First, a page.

"I am large. I contain multitudes." - Walt Whitman, Leaves of Grass

Tuesday, September 16, 2008

Dog Day Afternoon

"That which you manifest is before you." ~ Gabriel Flouret

It's the middle of a windy, slightly overcast afternoon and I just finished reading the book "The Art of Racing in the Rain" by Garth Stein as I nurse myself to health with antibiotics. My eyes are swollen from all the crying while reading. I swear, I am such a baby sometimes.

It was the kind of book I love to read. The kind I lost myself in. The type of book that made me want to leave my life for hours, or occupied my mind while I went through the motions of my day. Short sentences where subjects and predicates swimmingly get along. None of those winding narratives that lose my attention and I find I have to re-read them a couple of times before I reach a shadow of comprehension. It had the right font (Times New Roman) and the right size font (12). Its paragraphs double-spaced and justified. It was for me, a the-planets-are-aligned kind of book. And given that I don't read much fiction anymore - the last work of fiction I read was the one I bought when I went to Washington over two years ago for godson Teo's christening - I can't help but feel I was led to the book. Or the book was led to me. Or both.

That happens to me often, and I reckon it happens to all of us often, this thing that seems like a coincidence or a happy happenstance. Serendipity, if you will. It is like me reading about mazes and labyrinths and a week later, I find myself in a retreat house I wasn't planning to visit, gazing at a labyrinth and now knowing the difference between the two, stand there utterly, profoundly amazed (pun not intended) because it makes perfect sense for this to be in place of spiritual re-acquaintance. For what is the journey but traversing the path to our center?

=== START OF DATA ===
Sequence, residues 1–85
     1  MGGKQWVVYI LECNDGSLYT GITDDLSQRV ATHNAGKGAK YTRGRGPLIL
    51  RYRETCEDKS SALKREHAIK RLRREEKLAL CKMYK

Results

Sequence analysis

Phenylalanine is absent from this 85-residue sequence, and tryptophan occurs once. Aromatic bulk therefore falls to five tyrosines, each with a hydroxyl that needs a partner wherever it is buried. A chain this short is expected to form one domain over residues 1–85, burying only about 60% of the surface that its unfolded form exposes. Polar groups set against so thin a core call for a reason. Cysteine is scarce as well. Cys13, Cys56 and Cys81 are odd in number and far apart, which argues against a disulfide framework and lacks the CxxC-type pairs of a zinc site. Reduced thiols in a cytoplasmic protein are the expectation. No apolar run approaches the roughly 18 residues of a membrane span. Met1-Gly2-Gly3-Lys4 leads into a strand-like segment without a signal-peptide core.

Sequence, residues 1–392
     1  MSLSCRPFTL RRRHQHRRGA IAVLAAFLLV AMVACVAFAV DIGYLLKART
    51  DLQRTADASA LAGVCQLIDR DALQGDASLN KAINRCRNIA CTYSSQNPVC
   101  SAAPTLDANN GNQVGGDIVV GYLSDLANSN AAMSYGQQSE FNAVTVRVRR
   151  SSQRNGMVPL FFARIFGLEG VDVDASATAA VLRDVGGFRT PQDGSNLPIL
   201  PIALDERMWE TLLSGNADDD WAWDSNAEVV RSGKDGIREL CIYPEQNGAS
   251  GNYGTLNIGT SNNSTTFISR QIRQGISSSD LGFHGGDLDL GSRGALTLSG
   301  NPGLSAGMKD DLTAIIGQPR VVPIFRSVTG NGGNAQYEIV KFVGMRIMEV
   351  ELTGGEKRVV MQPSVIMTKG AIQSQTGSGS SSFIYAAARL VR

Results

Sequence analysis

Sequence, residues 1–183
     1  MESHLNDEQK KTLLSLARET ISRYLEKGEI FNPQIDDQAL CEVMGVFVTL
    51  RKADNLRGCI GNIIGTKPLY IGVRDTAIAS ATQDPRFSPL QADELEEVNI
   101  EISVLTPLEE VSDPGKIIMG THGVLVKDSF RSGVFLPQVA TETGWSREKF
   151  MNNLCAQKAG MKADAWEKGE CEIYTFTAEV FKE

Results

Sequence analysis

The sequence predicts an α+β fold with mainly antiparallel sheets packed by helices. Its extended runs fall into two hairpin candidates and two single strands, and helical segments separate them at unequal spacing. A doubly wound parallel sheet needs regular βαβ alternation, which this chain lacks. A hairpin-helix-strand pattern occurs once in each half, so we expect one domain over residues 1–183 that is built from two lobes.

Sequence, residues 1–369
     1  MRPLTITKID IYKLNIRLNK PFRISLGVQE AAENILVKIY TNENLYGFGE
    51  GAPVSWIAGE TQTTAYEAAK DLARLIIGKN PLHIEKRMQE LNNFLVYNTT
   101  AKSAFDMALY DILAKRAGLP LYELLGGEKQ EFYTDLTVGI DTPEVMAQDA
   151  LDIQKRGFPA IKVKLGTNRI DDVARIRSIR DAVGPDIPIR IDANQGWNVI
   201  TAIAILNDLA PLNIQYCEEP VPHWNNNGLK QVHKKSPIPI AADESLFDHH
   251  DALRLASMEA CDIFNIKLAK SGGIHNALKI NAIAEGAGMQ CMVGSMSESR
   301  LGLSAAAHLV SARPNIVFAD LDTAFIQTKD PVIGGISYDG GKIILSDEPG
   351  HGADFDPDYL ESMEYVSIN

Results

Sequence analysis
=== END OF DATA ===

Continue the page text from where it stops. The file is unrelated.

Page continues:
Anyhoo, back to the book.

This was the second book I have read that was written from the perspective of a dog. The first one was Peter Mayle's "A Dog's Life" and though I enjoyed its whimsy, "The Art of Racing in the Rain" clutched at my heart and would not let me go.

I remembered all the dogs that came into my life. I missed them all. Some more than others. One more than all.

It was the kind of book that had me stopping every once in a while, just to savor the words or the assembly of words that moved me so. Lest you think it was all style for me, I assure you, it was not. I was just as enamored with the substance if not more so.

If you're not a dog person, or have never had a pet, you may not like the book as much, despite my waxing lyrical. But for now, drugged as I am and wallowing in lethargy, all I can say is that this book made me feel...

Well, it made me feel. Period.

And that is how the book has blessed me. It made me feel. And that's the best thing you can ask for in a book.

(Photo credit: Smiles for Photos)

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